“He’s one of the very major 20th Century Russian writers. His oeuvre is not enormous. He died quite young and he struggled in Soviet times.

“He was in the Soviet Union until 1931 and at the end of his life he was trying to write another novel that was to be called Attila.

“This was the guy who more or less destroyed the western Roman Empire. I assume this has something to do with Zamyatin’s view of the Soviet Union.”

Zamyatin supported the Bolsheviks in the first Russian revolution of 1905 but later became critical of them, according to Prof Saunders.

“But he wasn’t a right winger and he left the country on a Soviet passport after writing to Stalin, saying ‘Let me out’. Stalin said yes.

“The Soviets had kicked out a lot of intellectuals on something known as the ‘philosophy steamer’ in 1922 and Zamyatin had been a candidate for expulsion at that time. It’s a bit unclear.”

Crystal clear, apparently, is that when Zamyatin was whiling away his last years in Paris he wouldn’t have been pining for Newcastle.

“He hated Newcastle,” asserts Prof Saunders, citing the letters he sent to his wife in Petrograd (now Saint Petersburg) and the two short stories he wrote while in England which clearly anticipate We.

“Zamyatin really didn’t like the formality of Jesmond in 1916,” says Prof Saunders.

He lampoons the vicar’s daily routine – “a timetable for the consumption of food; a timetable for days of penance (two a week); a timetable for the use of fresh air…”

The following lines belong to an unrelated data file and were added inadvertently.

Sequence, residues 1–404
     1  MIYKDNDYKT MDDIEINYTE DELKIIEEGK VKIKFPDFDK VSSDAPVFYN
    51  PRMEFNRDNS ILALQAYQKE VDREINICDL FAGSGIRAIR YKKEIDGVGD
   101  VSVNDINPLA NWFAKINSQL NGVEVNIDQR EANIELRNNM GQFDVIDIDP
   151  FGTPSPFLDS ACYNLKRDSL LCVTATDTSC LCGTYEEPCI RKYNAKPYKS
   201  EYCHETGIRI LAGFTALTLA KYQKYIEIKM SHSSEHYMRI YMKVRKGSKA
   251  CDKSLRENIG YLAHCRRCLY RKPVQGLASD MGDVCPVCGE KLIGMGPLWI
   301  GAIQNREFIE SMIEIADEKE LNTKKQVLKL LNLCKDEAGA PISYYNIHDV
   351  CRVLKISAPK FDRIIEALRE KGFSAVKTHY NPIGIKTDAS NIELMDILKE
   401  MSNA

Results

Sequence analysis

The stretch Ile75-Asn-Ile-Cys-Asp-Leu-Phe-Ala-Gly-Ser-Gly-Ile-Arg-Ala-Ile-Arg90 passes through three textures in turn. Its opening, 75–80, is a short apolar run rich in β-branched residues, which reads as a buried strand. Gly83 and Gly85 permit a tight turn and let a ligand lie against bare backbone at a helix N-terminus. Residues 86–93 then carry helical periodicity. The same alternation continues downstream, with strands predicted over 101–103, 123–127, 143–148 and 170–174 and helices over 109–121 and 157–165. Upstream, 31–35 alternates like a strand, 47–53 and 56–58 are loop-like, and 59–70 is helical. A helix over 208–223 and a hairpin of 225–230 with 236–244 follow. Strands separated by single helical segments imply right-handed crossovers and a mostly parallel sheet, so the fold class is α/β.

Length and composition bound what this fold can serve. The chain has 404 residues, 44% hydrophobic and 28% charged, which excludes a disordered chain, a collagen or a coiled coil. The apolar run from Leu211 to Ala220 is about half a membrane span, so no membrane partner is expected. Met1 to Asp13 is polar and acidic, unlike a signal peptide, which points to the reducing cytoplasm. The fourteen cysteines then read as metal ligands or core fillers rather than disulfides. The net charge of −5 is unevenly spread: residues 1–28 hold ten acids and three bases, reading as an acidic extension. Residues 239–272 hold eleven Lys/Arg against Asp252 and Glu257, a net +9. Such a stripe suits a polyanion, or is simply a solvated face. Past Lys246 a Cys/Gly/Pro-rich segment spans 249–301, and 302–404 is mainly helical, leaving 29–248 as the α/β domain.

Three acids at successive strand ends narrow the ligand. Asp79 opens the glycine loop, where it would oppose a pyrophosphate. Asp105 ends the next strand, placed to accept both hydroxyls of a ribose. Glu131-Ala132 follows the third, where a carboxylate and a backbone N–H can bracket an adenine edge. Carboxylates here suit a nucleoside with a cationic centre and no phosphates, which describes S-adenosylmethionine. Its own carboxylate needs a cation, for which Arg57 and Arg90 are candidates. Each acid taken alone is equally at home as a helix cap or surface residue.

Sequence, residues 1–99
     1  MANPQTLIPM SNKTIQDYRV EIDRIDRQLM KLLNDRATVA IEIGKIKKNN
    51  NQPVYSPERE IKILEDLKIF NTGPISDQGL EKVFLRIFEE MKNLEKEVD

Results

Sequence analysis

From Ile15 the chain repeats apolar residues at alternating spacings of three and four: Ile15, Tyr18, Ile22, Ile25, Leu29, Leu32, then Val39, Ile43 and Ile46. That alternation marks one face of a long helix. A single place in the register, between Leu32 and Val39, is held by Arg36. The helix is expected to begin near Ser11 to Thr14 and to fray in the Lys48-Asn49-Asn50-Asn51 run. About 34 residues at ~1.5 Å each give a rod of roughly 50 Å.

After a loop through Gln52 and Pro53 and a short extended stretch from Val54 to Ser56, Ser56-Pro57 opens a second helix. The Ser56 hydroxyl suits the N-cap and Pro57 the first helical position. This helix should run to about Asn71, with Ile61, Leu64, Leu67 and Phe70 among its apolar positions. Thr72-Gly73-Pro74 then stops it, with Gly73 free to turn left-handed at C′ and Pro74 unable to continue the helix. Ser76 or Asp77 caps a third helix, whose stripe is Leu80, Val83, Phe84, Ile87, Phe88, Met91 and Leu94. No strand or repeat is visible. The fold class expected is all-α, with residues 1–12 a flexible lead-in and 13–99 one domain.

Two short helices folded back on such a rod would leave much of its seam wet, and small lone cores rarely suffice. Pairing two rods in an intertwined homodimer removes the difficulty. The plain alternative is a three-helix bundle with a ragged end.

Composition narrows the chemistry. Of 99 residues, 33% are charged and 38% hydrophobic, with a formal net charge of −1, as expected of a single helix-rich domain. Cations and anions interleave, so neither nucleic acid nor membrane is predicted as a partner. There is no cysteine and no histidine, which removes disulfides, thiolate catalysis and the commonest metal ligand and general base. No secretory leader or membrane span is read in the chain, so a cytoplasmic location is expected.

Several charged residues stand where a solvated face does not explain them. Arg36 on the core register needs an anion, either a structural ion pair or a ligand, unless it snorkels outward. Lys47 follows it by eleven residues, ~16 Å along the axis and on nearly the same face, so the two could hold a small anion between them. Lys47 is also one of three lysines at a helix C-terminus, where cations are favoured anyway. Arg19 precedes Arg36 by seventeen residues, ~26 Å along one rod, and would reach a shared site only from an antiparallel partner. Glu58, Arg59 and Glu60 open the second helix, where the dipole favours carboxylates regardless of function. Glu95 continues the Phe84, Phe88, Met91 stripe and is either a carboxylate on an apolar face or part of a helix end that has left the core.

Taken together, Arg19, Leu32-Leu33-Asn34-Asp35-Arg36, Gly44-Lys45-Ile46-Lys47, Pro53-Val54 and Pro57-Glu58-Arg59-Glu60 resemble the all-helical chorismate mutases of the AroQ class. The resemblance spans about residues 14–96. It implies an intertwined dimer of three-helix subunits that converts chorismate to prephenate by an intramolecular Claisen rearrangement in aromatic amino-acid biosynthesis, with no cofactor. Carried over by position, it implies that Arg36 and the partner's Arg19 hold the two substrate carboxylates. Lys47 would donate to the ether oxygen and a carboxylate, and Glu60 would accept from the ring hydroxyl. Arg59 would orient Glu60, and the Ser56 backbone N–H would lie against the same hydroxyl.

He derides the identical houses, old and smoke-blackened but with the stone steps “scrubbed to a dazzling whiteness”.

And he has little time for the people, such as the strolling Sunday morning gentlemen “who were of course manufactured at a factory in Jesmond”.

One character in Islanders, Lady Campbell, is portrayed “most offensively”, says Prof Saunders, “with an image of her lips moving like worms”.

He believes she must have been based on Lady Marjory Noble (nee Campbell), 88-year-old widow of Sir Andrew Noble, partner in Armstrong Whitworth and resident of Jesmond Dene House.

“I think it’s likely – they did this with other visiting ship buyers – that she had him round for some ghastly tea party.

“I think Zamyatin must have been a rather conflicted engineer because his day job consisted of precise measurements and drawings. That was his work but it wasn’t how he wanted to be.”

It’s interesting to think that the dystopian We might have been inspired as much by life in Jesmond as life in that vast country of 11 time zones.

Many people in Britain come to Zamyatin these days through the Orwell connection but Prof Saunders believes both owe a debt to HG Wells, of whom Zamyatin was an admirer.

It took a long time to get the plaque put up at 19 Sanderson Road.

Prof Saunders says the campaign was started in 1984 by Alan Myers, an admired translator of Russian literature and a proud Geordie exiled down south, and supported by Joseph Brodsky, the poet and Nobel laureate who settled in America after being expelled from the Soviet Union in 1972.

It finally appeared in 2002 and has intrigued people ever since.

Jesmond and a dystopian masterpiece

Image source: a portrait by Boris Kustodiev